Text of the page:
**[0134]**It remains to convert the extracted (t, w)-block tree fragments to a set of hybrid (φ-1, w(φ)-kφ)-block trees that will be located below the φ-stride. To obtain a limited update cost, we want to postpone this conversion as much as possible. This means that we must first identify the minimum amount of construction that needs to be done immediately and then develop a strategy for catching up with the postponed construction work.

**[0135]**Our largest stride consists of 213=8192 pointers and thus a completed conversion may result in 8192 different substructures. When stockpiling is used, the relative memory management overhead, i.e. overhead per interval, increases when the size of substructures decreases. Therefore, the total memory management overhead for a complete conversion is way too expensive and must be amortized over several updates. In the first step of the conversion, we construct a minimal set of hybrid (φ, w(φ)-block trees (instead of (φ-1, w(φ)-kφ)-block trees which is the ultimate goal) and let several pointers in the φ-stride refer to each of these (φ, w(φ)-block trees. If the (t, w)-block tree is vertically segmented and if any complete substructures have been extracted, these are represented as (t, w)-block trees but can serve as (φ,w(φ)-block trees for now. The cost for postponing conversion, and thus also the storage savings that are required to finance the stride, is bounded by max (ki)=13 bits per interval. Adding this to the previous bound of 187.78 bits per interval yields a projected maximum relative size of 200.78 bits per interval for the whole data structure.

**[0136]**Furthermore, the presence of complete substructures implies that the depth of the data structure is sufficient to represent the (φ,w(φ)-block trees using vertical segmentation. The cost for this is then limited to the construction of a minimal number p of upper parts of (φ,w(φ)-block trees. Clearly, the cost for this depends on μ and, in turn, μ depends on w(φ). To understand this, we must recall the definition of dense cluster. A φ-cluster is dense if the size is larger than n(φ) which means that the intervals can not be stored in a (φ, w(φ)-block tree. For each node, in such a block tree, there are floor(b/w(φ)+1 sub-trees. In effect, the φ-stride replaces the root node thereby increasing the possible number of sub-trees beyond floor(b/w(φ)+1. Hence, it is sufficient to partition the cluster into μ(φ)=floor(b/w(φ)+2 substructures. This line of reasoning can also be applied to (φ,w(φ)-block trees represented without vertical segmentation which needs to be chopped up into floor(b/w(φ)+2 sub-trees. We have made extensive calculations, which have to be left out due to space restrictions, of the worst-case costs for these operations and obtained a pessimistic estimate of 2500 memory accesses for chopping up a (3, 19)-block tree. However, this occurs in combination with a 7-stride where the costs is limited to 266 memory accesses. The worst-case cost for the vertical segmentation case is less than 1500 memory accesses but this may occur in combination with a 13-stride yielding a total cost of 3550 memory accesses. It remains to account for the construction of one or two (φ, w(φ)-block tree from the two possible partial substructures. The cost for this is tightly connected with the cost for extraction. We start with two (t,w)-block trees. Some intervals from each of these trees belong to the -cluster. When these are extracted, and one or two (φ, w(φ)-block trees are constructed, they will be stored more efficiently. If the result is two (φ, w(φ)-block trees, the remaining intervals in the two (t, w)-block tree can be stored in a single tree. Hence, the total cost cannot exceed the cost for converting two (t, w)-block trees to three (t, w)-block trees without changing the set of involved intervals. Thus the additional cost for partial structures is bounded by the worst-case deallocation cost which is 996 memory accesses.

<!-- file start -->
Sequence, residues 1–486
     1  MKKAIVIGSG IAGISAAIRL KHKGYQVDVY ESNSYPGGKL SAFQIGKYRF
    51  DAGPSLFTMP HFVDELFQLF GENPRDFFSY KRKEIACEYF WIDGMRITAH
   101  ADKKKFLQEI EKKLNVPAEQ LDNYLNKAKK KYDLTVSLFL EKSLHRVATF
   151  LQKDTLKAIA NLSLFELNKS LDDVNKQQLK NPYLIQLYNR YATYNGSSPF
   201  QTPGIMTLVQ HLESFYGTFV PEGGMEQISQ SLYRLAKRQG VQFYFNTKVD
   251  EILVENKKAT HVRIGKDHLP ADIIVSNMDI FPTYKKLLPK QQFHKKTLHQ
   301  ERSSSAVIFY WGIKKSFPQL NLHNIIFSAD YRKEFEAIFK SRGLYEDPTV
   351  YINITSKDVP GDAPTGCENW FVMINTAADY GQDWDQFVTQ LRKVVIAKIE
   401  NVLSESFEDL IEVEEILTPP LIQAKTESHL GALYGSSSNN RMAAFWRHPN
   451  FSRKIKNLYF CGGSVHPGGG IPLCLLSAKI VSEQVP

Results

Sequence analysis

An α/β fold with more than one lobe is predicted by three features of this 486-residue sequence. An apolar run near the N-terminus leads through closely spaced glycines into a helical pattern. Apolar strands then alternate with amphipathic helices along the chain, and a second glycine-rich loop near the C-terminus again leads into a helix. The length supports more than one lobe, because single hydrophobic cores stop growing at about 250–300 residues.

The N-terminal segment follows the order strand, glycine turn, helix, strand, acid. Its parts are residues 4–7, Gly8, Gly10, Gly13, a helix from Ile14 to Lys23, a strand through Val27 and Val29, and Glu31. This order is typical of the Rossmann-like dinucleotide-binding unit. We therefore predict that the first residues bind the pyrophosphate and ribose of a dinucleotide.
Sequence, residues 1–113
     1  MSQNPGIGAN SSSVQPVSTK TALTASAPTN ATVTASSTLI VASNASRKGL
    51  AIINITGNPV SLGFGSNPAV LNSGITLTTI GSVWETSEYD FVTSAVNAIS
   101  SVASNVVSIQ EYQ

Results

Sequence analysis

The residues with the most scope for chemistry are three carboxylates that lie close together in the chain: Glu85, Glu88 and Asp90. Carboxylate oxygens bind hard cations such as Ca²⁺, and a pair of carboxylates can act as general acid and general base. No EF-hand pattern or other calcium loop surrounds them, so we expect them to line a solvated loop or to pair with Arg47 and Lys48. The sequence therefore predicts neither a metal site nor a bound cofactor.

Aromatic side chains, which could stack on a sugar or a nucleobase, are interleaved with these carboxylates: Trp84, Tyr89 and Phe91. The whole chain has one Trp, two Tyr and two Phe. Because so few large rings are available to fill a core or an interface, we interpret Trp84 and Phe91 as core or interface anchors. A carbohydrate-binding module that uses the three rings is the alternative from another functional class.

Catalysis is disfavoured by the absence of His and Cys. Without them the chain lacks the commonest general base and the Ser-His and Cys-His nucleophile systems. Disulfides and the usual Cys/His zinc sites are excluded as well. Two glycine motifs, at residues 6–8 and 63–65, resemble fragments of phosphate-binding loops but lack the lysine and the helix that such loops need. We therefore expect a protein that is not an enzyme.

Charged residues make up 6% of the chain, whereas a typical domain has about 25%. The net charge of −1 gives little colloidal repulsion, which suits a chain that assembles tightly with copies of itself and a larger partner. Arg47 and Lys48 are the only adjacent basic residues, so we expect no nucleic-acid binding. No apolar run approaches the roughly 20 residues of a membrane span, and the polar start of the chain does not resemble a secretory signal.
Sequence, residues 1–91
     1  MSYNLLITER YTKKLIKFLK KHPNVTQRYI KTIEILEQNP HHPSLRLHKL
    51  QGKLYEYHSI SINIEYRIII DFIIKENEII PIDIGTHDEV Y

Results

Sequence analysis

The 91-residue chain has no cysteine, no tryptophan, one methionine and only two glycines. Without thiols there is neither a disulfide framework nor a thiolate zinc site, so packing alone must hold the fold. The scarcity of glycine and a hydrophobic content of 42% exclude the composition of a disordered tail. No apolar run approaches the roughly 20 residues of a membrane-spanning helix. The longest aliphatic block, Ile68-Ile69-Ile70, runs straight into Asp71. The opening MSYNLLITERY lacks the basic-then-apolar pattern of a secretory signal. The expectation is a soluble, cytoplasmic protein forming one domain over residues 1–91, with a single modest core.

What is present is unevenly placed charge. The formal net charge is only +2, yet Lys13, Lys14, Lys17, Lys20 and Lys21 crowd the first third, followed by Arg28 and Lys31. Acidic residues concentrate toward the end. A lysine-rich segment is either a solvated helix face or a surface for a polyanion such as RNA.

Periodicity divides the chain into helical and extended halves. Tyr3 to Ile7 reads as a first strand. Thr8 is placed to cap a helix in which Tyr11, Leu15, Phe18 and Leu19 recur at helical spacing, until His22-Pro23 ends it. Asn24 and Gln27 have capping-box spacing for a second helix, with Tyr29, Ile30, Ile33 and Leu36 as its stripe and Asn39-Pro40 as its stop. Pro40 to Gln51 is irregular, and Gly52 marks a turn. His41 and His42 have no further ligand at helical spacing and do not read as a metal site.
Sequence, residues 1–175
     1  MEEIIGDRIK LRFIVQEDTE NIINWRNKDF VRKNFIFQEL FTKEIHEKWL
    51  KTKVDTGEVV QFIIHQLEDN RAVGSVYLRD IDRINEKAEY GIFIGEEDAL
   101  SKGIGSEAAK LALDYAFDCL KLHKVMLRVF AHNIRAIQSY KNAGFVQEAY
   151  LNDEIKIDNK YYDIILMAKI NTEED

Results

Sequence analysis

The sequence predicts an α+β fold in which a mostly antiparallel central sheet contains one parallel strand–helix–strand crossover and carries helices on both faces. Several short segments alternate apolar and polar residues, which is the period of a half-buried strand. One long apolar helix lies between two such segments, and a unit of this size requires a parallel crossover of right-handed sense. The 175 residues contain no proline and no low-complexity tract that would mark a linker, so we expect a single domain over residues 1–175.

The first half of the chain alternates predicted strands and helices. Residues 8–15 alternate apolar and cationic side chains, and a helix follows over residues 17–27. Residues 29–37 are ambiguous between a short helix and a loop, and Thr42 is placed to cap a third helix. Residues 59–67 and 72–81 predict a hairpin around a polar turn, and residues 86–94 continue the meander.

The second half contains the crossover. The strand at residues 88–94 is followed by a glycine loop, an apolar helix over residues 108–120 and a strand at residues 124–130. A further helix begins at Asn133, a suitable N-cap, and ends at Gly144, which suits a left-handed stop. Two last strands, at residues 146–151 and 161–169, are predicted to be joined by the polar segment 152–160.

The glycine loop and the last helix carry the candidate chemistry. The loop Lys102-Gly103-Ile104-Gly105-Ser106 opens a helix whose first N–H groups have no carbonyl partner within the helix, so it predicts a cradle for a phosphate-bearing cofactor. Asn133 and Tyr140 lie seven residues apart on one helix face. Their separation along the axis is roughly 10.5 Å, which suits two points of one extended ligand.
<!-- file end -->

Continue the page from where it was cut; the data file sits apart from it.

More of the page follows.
**[0137]**In total, we have a stride construction cost of 2050 memory accesses, an extraction cost of 3349 memory accesses and an immediate conversion cost of 3550+996 memory accesses, including the cost for the stride. Assuming that the remaining conversion can be postponed, we get a total worst-case update cost of at most 3349+3550+996=7895 memory accesses. It remains to show that we actually can postpone the remaining conversion work. The cost for block tree growth is at most 3228 memory accesses.

**[0138]**For each such update, we can spend an additional 7895-3228=4667 memory accesses to catch up with possible conversion work that have been postponed. Assume that we have a newly constructed kt-stride (for some t) where the conversion work have been postponed. Initially, each pointer in the kt-stride refers to a hybrid (t, w)-block tree. Further assume that we spend these 4667 memory accesses for each update that occurs in such a hybrid (t, w)-block tree, unless the update occurs in a dense φ-cluster. Then, for each update, we can afford to extract and complete one or more hybrid (t-1, w-kt)-block trees from one of the hybrid (t, w)-block tree. To avoid building up a hierarchy of incompletely converted structures we combine two techniques. By dynamically adjusting the limits (the ns), as described above, we can ensure that any φ-cluster that would be on the verge of becoming dense becomes dense before the kt-stride is constructed. This will initially guarantee that none of the hybrid (t, w)-block trees is hosting a φ-cluster on the verge of becoming dense. We can prolong this guarantee, throughout the existence of the data structure, by prioritizing completion of hybrid (t-1, w-kt)-block, which contains φ-cluster on the verge of becoming dense.